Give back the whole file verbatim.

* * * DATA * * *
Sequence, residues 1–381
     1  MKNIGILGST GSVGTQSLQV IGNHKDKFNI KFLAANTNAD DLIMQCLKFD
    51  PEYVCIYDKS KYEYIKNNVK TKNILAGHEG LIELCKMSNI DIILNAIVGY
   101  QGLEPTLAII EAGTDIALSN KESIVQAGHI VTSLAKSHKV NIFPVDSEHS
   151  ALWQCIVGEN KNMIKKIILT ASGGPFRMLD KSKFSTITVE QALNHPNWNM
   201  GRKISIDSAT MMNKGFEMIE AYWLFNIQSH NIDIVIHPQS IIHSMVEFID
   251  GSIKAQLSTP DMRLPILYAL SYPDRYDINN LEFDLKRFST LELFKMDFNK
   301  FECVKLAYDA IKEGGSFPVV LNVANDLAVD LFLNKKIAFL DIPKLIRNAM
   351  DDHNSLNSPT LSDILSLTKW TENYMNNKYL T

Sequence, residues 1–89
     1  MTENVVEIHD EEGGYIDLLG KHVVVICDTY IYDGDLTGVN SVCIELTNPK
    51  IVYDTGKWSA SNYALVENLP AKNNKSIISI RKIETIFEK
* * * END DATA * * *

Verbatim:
Sequence, residues 1–381
     1  MKNIGILGST GSVGTQSLQV IGNHKDKFNI KFLAANTNAD DLIMQCLKFD
    51  PEYVCIYDKS KYEYIKNNVK TKNILAGHEG LIELCKMSNI DIILNAIVGY
   101  QGLEPTLAII EAGTDIALSN KESIVQAGHI VTSLAKSHKV NIFPVDSEHS
   151  ALWQCIVGEN KNMIKKIILT ASGGPFRMLD KSKFSTITVE QALNHPNWNM
   201  GRKISIDSAT MMNKGFEMIE AYWLFNIQSH NIDIVIHPQS IIHSMVEFID
   251  GSIKAQLSTP DMRLPILYAL SYPDRYDINN LEFDLKRFST LELFKMDFNK
   301  FECVKLAYDA IKEGGSFPVV LNVANDLAVD LFLNKKIAFL DIPKLIRNAM
   351  DDHNSLNSPT LSDILSLTKW TENYMNNKYL T

Sequence, residues 1–89
     1  MTENVVEIHD EEGGYIDLLG KHVVVICDTY IYDGDLTGVN SVCIELTNPK
    51  IVYDTGKWSA SNYALVENLP AKNNKSIISI RKIETIFEK